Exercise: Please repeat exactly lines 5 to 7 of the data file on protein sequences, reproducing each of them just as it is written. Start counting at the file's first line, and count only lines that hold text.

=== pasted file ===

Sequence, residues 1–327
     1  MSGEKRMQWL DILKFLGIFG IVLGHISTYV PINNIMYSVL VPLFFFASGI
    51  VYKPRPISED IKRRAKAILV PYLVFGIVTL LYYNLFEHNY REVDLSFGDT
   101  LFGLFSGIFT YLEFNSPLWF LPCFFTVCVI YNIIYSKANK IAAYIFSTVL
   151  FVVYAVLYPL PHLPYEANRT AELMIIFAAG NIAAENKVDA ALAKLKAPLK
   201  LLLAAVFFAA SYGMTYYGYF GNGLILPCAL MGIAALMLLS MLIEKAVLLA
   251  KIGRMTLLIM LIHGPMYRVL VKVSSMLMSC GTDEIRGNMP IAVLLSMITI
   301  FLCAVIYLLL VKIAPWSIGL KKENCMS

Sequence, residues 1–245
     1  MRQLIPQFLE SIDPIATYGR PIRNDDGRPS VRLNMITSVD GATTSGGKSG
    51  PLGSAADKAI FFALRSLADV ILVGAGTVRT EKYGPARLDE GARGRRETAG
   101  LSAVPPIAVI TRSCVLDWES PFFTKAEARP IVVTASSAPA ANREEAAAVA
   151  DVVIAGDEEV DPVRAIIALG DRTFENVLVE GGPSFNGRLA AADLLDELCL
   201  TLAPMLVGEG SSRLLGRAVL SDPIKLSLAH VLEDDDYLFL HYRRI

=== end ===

   151  FVVYAVLYPL PHLPYEANRT AELMIIFAAG NIAAENKVDA ALAKLKAPLK
   201  LLLAAVFFAA SYGMTYYGYF GNGLILPCAL MGIAALMLLS MLIEKAVLLA
   251  KIGRMTLLIM LIHGPMYRVL VKVSSMLMSC GTDEIRGNMP IAVLLSMITI